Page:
Lessons in basic statistics needed for climate alarmists

During the summer of 2012 in the heat of the climate hysteria over the US drought, Seth Borenstein-- apparently the "Associated Press science writer covering astronomy, climate, & disasters" and an instructor at "NYU's DC campus" -- sent out the following tweet:


It read as follows: "Globally, July was 329th straight month hotter than norm. Flip coin for 329 heads in row. Odds it's random: 1 in 1.1 followed by 99 zeros."

See any basic statistical problems with analogizing coin flipping to climate patterns? There is a major one: independent vs. dependent events.

Let us quote some relevant text from a university website on the topic at hand:

"People often misunderstand the notion of independent events. This is a probability term meaning that past events have no influence on future outcomes. For example, when flipping a coin four consecutive times, the probability of getting four heads is: (1/2)(1/2)(1/2)(1/2)=1/16.

This is because the probability of flipping a head if you flip a coin once is 1/2. Flipping a coin is an example of an independent event. When flipping a coin, the probability of getting a head does not change no matter how many times you flip the coin. When the coin is flipped and the first three flips are heads, the fourth flip still has the probability of 1/2. However, many people misunderstand that the first three flips somehow influence the fourth flip, but they do not. The probability is still the same, as if the first three flips had never occurred.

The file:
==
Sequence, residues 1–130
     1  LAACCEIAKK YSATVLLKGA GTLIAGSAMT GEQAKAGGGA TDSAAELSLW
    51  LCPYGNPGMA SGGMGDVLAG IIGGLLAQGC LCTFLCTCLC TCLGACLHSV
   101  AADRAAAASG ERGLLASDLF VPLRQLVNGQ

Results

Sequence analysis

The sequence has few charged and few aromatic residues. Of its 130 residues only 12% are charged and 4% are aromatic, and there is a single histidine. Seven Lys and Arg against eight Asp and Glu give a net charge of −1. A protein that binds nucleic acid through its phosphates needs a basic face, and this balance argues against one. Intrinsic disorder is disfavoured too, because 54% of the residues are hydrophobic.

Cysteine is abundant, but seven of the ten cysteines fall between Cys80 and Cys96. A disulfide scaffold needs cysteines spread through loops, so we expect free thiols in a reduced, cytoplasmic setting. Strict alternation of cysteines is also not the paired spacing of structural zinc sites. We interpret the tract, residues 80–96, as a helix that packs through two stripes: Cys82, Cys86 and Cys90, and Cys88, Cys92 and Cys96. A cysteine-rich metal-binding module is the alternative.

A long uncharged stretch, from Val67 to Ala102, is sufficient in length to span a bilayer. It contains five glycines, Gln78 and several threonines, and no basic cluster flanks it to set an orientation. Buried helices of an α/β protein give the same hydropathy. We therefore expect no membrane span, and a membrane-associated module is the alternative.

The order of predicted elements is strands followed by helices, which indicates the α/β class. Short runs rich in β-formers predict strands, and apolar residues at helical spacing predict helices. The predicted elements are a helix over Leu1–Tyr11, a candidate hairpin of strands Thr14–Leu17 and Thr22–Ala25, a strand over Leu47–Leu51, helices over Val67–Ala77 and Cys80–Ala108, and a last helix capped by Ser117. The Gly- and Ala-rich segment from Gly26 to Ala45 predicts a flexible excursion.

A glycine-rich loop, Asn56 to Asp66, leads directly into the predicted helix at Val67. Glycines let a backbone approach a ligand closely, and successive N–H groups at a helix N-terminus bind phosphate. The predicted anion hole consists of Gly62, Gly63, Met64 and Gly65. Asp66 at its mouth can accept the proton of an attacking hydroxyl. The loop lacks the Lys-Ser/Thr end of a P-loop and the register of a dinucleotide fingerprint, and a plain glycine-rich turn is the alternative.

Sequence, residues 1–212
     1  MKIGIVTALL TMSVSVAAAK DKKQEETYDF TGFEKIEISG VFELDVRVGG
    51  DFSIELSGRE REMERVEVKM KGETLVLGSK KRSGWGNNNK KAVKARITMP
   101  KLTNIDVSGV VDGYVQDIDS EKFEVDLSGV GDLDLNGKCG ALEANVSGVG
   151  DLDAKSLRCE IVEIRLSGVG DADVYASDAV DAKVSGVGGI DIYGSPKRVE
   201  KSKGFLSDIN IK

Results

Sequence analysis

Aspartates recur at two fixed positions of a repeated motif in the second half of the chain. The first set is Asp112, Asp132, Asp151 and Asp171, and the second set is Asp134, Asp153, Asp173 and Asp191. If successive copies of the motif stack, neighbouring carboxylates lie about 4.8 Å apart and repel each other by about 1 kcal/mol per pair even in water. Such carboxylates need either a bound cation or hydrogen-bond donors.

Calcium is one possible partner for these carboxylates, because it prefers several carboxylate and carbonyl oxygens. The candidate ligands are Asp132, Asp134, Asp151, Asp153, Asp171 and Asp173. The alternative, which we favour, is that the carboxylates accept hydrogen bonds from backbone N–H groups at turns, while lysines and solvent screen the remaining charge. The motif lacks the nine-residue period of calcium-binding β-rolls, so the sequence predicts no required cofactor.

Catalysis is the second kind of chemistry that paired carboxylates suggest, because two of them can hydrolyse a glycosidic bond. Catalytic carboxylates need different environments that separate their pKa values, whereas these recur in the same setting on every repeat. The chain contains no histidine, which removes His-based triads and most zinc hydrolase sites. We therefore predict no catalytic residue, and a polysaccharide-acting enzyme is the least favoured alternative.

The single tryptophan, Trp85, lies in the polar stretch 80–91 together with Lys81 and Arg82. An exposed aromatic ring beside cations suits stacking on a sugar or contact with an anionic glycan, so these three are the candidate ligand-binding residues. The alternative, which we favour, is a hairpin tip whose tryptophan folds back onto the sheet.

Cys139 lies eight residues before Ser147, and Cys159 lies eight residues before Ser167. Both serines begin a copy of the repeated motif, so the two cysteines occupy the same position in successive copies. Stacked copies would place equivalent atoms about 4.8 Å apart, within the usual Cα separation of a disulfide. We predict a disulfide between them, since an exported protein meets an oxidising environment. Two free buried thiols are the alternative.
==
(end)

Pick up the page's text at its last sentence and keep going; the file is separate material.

Gambling card games are not necessarily independent events. If the cards are not replaced into the deck, then probabilities change depending on which cards have been dealt. For example, the probability of being dealt an ace from a standard deck of 52 cards is 4/52 or 1/13. However, if the first person is dealt an ace, the probability that the second person will also be dealt an ace is now 3/51, if the first ace is not replaced into the deck. This applies to all card games, particularly Poker."

Here's a novel concept for climate alarmists and journalists (and particularly the combination thereof). The odds of any one month being hotter or cooler than 'normal' (nevermind a rigorous discussion of what a 'normal' climate really is) is not an independent event. It is a dependent event, and it depends on the previous months, because the planet (and all its climate sub-regions) goes through cycles (having various lengths, magnitudes, areal extents, etc.) of warm and cool periods. That is basic science and statistics.

Consequently, any probability analogies between flipping a coin and obtaining a certain number of equivalent results in a row and obtaining a certain number of warmer/cooler or wetter/dryer climate events in a row are nonsense.